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The first electrified underground urban railway, City & South London Railway, opened in 1890, in deep tubular tunnels, leading to the term "tube", which eventually became synonymous with the London Underground.It was originally planned to be cable-hauled, but the company originally contracted to supply cable-haulage technology went bankrupt.Before any plans were made for transit systems with underground tunnels and stations, several railway operators had used tunnels for freight and passenger trains, usually to reduce the grade of the railway line.Examples include Trevithick's Tunnel from 1804, built for the Penydarren locomotive, the 1829 Crown Street Tunnel at Liverpool and the 1.13 mile (1,811 meters) long 1836 Lime Street Tunnel also at Liverpool, part of which is still used today making it the world's oldest used tunnel.Rapid transit first began in London with the opening in 1863 of the Metropolitan Railway, which is now part of the London Underground.
In the 21st century, China became the world's leader by number of rapid transit systems as well as the fastest growth of such systems, and many other cities in other Asian countries also began construction on their own metropolitan transit systems.It was worked by steam trains, and despite the creation of numerous vents, was unhealthy and uncomfortable for passengers and operating staff.Nevertheless, its trains were popular from the start and the Metropolitan Railway and the competing Metropolitan District Railway developed the inner circle around central London (completed in 1884) and an extensive system of suburban branches to the northwest (extending into the adjoining countryside), the west, the southwest and the east (mostly completed by 1904).In 1898 the technically out-dated two line Vienna Metropolitan Railway in Vienna was opened, which was operated by steam trains.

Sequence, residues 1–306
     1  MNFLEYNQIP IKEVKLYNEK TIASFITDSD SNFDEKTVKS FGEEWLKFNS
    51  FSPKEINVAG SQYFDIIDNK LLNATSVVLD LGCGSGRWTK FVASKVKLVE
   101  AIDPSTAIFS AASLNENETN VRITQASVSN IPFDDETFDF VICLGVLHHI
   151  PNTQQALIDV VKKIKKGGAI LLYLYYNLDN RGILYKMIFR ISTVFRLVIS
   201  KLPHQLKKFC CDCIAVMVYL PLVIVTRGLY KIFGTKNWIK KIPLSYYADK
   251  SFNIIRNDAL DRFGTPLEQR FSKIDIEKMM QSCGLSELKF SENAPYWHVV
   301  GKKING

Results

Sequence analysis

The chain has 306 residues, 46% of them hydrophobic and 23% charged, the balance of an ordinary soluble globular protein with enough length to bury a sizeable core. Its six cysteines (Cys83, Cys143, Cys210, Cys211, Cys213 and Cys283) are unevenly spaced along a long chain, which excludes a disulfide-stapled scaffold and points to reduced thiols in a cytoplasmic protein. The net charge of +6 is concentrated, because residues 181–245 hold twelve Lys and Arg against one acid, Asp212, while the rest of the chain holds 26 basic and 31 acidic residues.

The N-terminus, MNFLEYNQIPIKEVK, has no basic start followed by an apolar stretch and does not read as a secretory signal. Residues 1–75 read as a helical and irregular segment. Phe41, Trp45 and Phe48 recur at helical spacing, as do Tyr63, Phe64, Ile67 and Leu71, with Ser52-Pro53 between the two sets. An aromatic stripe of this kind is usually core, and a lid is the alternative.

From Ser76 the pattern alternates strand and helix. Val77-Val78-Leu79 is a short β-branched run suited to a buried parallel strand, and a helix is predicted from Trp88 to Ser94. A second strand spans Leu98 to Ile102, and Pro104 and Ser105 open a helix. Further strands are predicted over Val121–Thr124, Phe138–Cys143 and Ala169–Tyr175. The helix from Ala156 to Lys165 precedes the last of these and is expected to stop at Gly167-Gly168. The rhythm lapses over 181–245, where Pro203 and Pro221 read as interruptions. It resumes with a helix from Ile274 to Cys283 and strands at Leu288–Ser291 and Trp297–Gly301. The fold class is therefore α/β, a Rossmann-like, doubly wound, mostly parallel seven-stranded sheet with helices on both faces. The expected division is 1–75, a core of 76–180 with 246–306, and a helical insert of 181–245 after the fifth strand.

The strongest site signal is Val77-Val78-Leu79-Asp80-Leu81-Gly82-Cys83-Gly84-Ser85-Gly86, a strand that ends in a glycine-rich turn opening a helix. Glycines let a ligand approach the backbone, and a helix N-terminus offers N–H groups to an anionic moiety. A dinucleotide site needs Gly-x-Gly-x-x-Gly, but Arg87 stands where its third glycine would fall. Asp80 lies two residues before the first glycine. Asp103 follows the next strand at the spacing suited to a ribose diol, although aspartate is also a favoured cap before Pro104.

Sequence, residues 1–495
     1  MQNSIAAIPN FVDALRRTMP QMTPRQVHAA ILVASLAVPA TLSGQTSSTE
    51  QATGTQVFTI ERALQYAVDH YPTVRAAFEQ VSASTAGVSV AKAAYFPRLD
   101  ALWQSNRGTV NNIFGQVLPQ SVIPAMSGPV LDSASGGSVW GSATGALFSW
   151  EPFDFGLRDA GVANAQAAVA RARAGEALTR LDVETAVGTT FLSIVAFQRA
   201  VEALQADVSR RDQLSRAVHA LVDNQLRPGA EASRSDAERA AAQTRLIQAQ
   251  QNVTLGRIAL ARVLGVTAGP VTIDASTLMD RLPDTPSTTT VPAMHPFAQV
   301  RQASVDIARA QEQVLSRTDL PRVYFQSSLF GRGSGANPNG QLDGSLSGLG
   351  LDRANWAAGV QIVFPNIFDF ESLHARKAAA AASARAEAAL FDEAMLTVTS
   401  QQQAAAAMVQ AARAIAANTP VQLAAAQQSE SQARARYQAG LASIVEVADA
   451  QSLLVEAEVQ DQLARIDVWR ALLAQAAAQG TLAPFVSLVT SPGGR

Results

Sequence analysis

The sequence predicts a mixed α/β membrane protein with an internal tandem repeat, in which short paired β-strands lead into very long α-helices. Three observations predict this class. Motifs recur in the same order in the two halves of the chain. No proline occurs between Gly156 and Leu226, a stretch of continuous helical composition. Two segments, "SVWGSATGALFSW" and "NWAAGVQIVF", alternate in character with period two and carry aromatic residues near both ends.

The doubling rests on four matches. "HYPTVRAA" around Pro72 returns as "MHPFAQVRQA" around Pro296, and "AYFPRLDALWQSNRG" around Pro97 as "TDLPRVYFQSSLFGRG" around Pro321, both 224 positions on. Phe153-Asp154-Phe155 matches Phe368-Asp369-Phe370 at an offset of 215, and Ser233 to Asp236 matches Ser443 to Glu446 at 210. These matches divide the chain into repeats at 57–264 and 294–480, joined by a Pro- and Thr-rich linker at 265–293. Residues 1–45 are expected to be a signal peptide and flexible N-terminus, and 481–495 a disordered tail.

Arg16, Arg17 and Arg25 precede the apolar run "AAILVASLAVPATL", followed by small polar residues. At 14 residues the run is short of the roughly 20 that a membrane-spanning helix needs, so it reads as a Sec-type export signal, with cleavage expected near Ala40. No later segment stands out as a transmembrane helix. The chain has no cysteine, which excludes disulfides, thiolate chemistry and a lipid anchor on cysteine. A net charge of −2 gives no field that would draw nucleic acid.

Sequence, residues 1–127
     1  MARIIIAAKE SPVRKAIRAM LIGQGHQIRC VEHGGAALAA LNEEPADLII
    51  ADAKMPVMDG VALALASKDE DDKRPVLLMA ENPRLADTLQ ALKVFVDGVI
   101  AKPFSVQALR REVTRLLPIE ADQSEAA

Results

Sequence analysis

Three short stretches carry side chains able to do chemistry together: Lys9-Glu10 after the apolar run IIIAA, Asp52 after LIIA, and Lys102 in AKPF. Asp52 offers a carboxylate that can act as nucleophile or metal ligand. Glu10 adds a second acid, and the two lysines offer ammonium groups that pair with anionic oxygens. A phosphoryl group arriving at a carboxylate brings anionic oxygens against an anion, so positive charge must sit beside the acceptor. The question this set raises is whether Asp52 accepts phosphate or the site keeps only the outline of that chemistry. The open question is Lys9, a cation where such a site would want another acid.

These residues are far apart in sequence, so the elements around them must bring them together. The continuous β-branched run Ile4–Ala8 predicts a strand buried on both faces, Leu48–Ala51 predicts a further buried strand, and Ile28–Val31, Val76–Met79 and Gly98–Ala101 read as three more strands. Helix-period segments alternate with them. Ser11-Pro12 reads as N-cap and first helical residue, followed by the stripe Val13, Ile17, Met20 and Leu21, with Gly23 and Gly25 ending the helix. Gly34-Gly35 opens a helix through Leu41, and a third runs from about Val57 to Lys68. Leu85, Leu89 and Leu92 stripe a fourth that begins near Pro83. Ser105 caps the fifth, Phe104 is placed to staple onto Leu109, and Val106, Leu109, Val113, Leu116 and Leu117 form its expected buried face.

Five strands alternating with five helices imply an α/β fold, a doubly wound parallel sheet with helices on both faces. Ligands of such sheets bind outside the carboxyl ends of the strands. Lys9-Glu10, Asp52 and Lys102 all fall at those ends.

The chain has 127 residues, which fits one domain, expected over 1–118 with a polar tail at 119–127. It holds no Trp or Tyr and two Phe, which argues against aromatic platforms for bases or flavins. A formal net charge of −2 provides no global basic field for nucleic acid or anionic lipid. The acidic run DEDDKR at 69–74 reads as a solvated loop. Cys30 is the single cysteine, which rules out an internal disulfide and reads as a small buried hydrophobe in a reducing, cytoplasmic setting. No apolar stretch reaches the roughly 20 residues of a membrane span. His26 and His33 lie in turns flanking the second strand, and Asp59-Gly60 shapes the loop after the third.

The system was converted to a modern underground railway in 1978. Its full name was the Chemin de Fer Métropolitain, a direct translation into French of London's Metropolitan Railway.
Car #18 is preserved at the Seashore Trolley Museum.